So, Kurt Schilling announced his retirement on Monday, and a lot of people have been debating whether or not he is a valid Hall of Fame candidate. He has been compared favorably to Catfish Hunter who is in the Hall of Fame and has about the same amount of wins and losses - and also was on multiple World Series championship teams. Schilling, of course, has even better postseason numbers than Catfish, who went 9-6 in the playoffs over his career, while Schilling was 11-2. Coincidentally, both pitchers’ teams turned in incredible 10-2 postseason series records.
Schilling has also been compared to former Tigers great Jack Morris as well as Orel Hershiser, both of whom also had some legendary postseason success. Morris actually has almost 40 more wins than Schilling, and I'm not really sure why he isn't in the Hall of Fame, except for the fact that he was notably cantankerous and has a fairly high lifetime ERA of 3.90. However, Morris did pitch the majority of his career in the hitter friendly old Tiger Stadium. Hershiser only has 204 career wins, and although he had a phenomenal postseason in 1988 and a very good one for the Indians in 1995, you could argue that he cost the Indians the 1997 title with his terrible performance against the Marlins. But, I wouldn't object to him making the HOF - and he has had a nice poker career following his retirement from baseball. This has contributed to making him a fairly famous guy....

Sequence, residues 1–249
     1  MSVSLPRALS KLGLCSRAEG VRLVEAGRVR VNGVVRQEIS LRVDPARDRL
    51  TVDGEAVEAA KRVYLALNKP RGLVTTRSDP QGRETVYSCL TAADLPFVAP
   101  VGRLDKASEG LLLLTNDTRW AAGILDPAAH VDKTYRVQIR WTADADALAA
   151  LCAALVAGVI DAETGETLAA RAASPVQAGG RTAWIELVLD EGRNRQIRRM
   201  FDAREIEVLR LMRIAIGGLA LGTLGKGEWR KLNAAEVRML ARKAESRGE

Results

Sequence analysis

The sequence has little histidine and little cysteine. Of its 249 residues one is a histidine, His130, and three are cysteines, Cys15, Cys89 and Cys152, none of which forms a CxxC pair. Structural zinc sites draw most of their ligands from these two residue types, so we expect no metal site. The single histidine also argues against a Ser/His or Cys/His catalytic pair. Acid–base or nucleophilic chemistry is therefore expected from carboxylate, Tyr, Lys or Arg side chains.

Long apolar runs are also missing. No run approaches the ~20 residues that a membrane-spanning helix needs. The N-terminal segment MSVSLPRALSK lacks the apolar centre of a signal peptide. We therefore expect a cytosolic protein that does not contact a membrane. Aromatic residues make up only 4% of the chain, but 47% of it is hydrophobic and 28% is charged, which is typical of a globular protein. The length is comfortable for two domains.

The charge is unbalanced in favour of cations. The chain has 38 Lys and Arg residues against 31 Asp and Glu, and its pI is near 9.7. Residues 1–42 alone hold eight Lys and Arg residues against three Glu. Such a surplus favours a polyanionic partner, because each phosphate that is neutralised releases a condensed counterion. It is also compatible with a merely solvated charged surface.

And this brings us around to my argument about who the Hall of Fame is for. I contend it's for the most famous ballplayers of their eras. Schilling, with the "Bloody Sock Game" alone, certainly qualifies based on that criteria. I mean it's not called the Hall of Great Players, although being a great players certainly can contribute to one's fame.
I think the growing army of stat-heads out there gets too caught up in the numbers and forgets what the Hall of Fame is all about. It's not a shrine aimed solely at the elite and knowledgeable fans of the game. I think it's supposed to be accessible to everyone - including the casual fan. And I really think that casual fan has more appreciation for what Curt Schilling has done than what Burt Blyleven did, for example.
If you follow these things, you know that Blyleven is the current darling of the numbers crowd. I'm not saying that Blyleven wasn't a great pitcher, but he's really not that famous. I even remember Pirates fans dissing him as "Cryleven" because of the way he acted back in the day. He is never recounted as a major factor in the Pirates winning the 1979 World Series and most people probably don't even know he was on that team. Schilling, on the other hand, everyone knows he was part of the Phillies in '94, the Diamondbacks that beat the Yankees, and of course, the Red Sox in 2004. He's famous and thus belongs in the Hall of Fame.
That's about all there is to it.